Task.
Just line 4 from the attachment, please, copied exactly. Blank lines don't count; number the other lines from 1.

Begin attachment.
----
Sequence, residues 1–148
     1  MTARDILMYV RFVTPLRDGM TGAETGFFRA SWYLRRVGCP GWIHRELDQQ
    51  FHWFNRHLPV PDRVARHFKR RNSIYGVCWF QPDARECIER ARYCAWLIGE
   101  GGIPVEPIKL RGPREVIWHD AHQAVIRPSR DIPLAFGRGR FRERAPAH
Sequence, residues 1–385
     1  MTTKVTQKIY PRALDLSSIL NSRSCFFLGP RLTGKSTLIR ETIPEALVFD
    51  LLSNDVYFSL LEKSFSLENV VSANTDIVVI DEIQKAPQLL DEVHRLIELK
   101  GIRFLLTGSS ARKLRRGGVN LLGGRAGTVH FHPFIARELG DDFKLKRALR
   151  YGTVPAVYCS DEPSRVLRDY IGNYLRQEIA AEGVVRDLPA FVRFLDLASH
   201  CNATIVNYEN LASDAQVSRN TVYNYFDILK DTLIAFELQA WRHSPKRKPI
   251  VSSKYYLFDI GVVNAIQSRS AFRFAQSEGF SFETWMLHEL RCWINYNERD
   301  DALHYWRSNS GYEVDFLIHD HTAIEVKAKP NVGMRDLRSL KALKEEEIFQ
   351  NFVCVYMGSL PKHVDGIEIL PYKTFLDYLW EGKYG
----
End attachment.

   101  GGIPVEPIKL RGPREVIWHD AHQAVIRPSR DIPLAFGRGR FRERAPAH